— Overview —
- 2,410 +/- acre historic quail plantation in the Tallahassee/Thomasville Red Hills Plantation Belt
- Located in northeast Leon County, Florida
- Bordering Valhalla Plantation, south of Woodfield Springs, and west of Ring Oak Plantation
- 30+/- acre Cody Lake
- 35+/- acre duck pond "Chemonie Lake" with walk out blinds
- Several other ponds and beautiful hardwood drains
- Extensively managed for quail; all wild birds since around 1940
- Horse stables
- 7,000 square foot main house overlooking Cody Lake
- Gated entrance and paved drive to main house
- Dogtrot style guest house adjacent to main house with four separate bed/bath suites
- Newly built manager's house on Cody Lake
- Three additional employee houses
- Plantation office and headquarters
- Equipment barn, three grain bins
- Great deer, turkey, and duck
- Located on a protected canopy road, designated as one of the country's most scenic roadways
- Approximately half of the property is protected by a conservation easement with Tall Timbers; however, due to its Leon County address we are confident if a conservation easement were placed on the remaining acreage it would yield one of the highest diminutions of value of any plantation in the Red Hills. We cannot emphasize this enough. Please contact our office for more details.
Historically Part of the Ireland/Ingalls Family Holdings;
Undoubtedly the Finest Assemblage of Plantations in the Red Hills
David S. Ingalls on the cover of TIME, 1931
Chemonie was one of the first plantations established by wealthy newcomers to the state in the early 1800's. Hector Braden of Virginia founded Chemonie in the first part of the 1800's. He was a land investor and cotton and sugar cane farmer, and sold Chemonie to his business partner's wife, Mary Wallace Savage Nuttall, a Savannah heiress and a recent widow who owned the nearby El Destino. She had inherited assets enough to buy a second plantation in north Florida. Nuttall remarried to George Noble Jones in 1840.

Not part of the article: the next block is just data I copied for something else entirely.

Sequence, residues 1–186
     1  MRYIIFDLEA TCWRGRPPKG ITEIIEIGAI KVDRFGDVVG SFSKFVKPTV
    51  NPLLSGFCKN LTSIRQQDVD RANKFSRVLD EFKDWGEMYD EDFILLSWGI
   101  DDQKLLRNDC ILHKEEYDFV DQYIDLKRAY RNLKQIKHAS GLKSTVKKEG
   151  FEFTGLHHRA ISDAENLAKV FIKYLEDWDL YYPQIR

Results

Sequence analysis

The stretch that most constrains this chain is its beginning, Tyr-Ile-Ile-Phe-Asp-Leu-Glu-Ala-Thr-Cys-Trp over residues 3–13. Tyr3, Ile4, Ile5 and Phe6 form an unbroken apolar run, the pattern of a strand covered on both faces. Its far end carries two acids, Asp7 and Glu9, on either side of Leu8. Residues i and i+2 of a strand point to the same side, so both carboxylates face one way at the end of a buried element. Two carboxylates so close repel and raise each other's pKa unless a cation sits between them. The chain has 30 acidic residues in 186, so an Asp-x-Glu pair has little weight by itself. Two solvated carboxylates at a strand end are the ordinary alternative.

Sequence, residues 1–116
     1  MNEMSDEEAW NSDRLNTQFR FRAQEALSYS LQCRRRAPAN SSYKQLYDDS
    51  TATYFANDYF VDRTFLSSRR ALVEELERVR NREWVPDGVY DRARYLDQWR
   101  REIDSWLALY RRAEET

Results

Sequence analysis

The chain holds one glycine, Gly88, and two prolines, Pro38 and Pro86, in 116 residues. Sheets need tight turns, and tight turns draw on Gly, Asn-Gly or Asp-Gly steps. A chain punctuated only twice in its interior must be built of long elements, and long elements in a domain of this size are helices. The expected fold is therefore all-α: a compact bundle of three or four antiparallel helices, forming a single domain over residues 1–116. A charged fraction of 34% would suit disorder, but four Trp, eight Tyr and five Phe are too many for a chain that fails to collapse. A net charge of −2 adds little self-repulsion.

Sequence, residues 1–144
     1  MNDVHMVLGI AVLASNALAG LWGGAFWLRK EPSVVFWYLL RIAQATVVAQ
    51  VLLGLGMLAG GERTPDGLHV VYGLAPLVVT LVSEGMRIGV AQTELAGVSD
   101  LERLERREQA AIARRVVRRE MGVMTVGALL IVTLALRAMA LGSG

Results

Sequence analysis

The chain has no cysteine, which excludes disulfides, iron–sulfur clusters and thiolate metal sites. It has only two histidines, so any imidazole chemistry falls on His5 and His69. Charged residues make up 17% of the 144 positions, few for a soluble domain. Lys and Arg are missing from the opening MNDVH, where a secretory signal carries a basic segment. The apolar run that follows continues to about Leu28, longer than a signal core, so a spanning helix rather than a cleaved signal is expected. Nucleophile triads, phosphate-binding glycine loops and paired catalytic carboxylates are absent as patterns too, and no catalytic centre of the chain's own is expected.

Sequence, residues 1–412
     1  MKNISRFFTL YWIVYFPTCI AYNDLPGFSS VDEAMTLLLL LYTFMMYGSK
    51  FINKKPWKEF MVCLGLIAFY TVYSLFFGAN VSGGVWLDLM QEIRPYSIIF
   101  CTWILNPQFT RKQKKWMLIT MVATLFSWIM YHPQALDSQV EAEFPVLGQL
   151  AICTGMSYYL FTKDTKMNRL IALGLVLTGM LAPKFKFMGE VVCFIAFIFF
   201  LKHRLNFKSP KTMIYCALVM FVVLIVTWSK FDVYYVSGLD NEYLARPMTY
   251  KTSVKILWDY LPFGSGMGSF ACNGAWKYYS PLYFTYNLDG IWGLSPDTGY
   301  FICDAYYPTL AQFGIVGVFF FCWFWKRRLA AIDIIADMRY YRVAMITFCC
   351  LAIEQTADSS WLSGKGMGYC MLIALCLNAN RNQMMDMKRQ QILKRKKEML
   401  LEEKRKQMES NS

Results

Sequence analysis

In the 1940’s, the Ingalls and Ireland families bought tens of thousands of acres of the finest plantations in the Red Hills, including Chemonie, as a joint venture. David Ingalls was the son of railroad magnate Albert S. Ingalls and Jane Taft, niece of President William Howard Taft. He served in the U.S. Naval Reserve Flying Corps and was the Navy’s only flying ace of World War I.
After the War, he returned to finish his studies at Yale and then received an LLD from Harvard. During his long career, he worked as a lawyer, a member of the Ohio House of Representatives, and Assistant Secretary of the Navy (Air) in 1929. Ingalls was a director of Pan Am Airways and publisher of the Cincinnati Times-Star.
Eventually, the Ingalls and Ireland families divided their holdings and the Ingalls held onto Chemonie. Famous hunting stories about the Ingalls and their guests are still shared today.
For the past twenty years Chemonie has been under the stewardship of T. Wayne Davis, Jr. of Jacksonville. Mr. Davis’ grandfather, father, and uncles founded the Florida-based grocery chain now known as Winn Dixie in 1925.